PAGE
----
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Saturday, June 5

The Future?

This is by no means an exhaustive treatise.

Let’s examine the ramifications of BP’s “little accident.” Even if no more escapes, estimates of 500,000 to one million gallons of crude oil are now in the Gulf heading to Louisiana, Mississippi, Alabama on its way to Florida, around and up the East Coast into the North Atlantic. Some will continue to Britain (irony there!) and the North Sea, a significant amount turning south toward Spain with an alarming amount continuing toward Africa but with most heading back across the north coast of South America endangering the island paradises in the Caribbean before returning to the western Gulf to start again.

So many things will be affected both directly and indirectly that only time will enumerate them all. We’ll start with the fishing industry in the Gulf.
I’m not going to spout figures since there’s no way of knowing how many people will lose their livelihood because of BP. The direct impact of this effect on fishing will be a shortage of seafood from the Gulf. Much of that is consumed by those living and visiting the Gulf, Louisiana, Alabama, Mississippi and Florida.
With the immense reduction of seafood from the Gulf, distributors have two choices; import seafood from the West and East Coast at higher prices or close up because it’ll be too expensive to supply the affected areas in the long run. Either way, prices will rise atrociously. Direct result of no supply will be unemployment first in the fishing industry then the food service industry. Once those people lose their jobs and consequently have no money to inject into the local economy, other businesses will begin to suffer. If people don’t spend money, businesses fail. What a novel concept.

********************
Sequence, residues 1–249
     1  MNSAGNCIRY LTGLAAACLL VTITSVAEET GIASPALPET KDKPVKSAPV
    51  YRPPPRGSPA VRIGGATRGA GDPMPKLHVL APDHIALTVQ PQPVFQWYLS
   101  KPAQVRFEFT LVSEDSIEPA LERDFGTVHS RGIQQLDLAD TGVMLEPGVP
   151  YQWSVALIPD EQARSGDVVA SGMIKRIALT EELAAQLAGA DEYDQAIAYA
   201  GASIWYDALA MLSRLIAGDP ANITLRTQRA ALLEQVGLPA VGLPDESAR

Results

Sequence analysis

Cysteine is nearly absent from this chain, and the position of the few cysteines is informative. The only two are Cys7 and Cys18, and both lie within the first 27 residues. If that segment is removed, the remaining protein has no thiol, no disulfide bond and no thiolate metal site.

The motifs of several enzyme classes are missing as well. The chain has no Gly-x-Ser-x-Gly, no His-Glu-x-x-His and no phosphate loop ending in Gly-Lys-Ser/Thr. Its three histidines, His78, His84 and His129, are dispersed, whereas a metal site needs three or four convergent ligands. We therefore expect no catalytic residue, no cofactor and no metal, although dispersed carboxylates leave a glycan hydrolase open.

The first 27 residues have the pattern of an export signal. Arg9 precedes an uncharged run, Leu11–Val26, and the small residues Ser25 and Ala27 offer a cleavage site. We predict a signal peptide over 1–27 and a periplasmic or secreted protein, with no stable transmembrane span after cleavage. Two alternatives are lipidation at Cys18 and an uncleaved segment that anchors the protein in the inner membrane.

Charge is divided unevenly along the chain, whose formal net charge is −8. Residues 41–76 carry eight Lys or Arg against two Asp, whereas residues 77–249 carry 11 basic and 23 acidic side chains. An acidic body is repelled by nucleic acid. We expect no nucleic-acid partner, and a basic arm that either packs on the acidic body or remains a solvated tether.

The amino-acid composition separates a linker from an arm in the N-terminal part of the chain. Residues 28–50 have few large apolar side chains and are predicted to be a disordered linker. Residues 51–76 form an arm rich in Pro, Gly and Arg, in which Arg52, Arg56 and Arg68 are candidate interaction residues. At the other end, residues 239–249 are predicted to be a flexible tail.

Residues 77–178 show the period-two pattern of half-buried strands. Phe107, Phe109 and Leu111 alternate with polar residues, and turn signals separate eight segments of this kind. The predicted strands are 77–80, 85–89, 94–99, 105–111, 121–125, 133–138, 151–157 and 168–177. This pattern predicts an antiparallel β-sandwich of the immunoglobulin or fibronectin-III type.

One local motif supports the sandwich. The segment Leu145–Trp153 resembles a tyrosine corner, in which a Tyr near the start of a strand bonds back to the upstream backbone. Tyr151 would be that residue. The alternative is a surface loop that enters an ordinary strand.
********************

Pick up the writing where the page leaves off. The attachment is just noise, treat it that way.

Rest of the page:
With more people out of work, those lucky enough may be able to collect unemployment to get them some relief fro a while. But as we’ve all seen the last year, health insurance will be a thing of the past for them since most will not be able to afford health care and basic living expenses. Lifestyles will change drastically. Mortgage payments will stop, banks will increase interest and families will lose homes. Business vultures will buy up the homes for pennies on the dollar and with tax breaks hope to keep them long enough to make a killing when the economy turns around. (Will anyone live that long?)
Another industry that will succumb to BP’s “little accident” is the tourist industry. A substantial number of people in the coastal south depend on tourists from elsewhere spending money. But what would induce people to come to beaches covered in oil; beaches with dead fish and birds. The result will only be more business failures and more layoffs and the domino effect will grow.
An incidental suffering business will be cruise lines. I don’t know how many owners of Carnival, Princess Cruises and other lines will want their investments subjected to BP’s oil accident. Nor will the tourists want to see and smell that terrible odor while sunning themselves on the decks of expensive pleasure ships.
Other businesses that don’t directly depend on fishing will continue for a while unaffected. Other oil rig workers will still get paid for their work but will soon find fewer goods available. Businesses that rely on water transportation will find the effects sooner as access to harbors and rivers becomes restricted. That’ll result in less production and layoffs because enough product can’t be produced and delivered.
All isn’t dark for all fishermen however, just those in the Gulf. The fishing fleets on the west and east coast will probably double their efforts to glean as much as possible. The businesses especially in the east and northeast will boom for a while, until the oil reaches their ranges.
All of this presumes no weather problems. More on that later.
Next time we’ll explore the last days of Florida’s Tourist industry.

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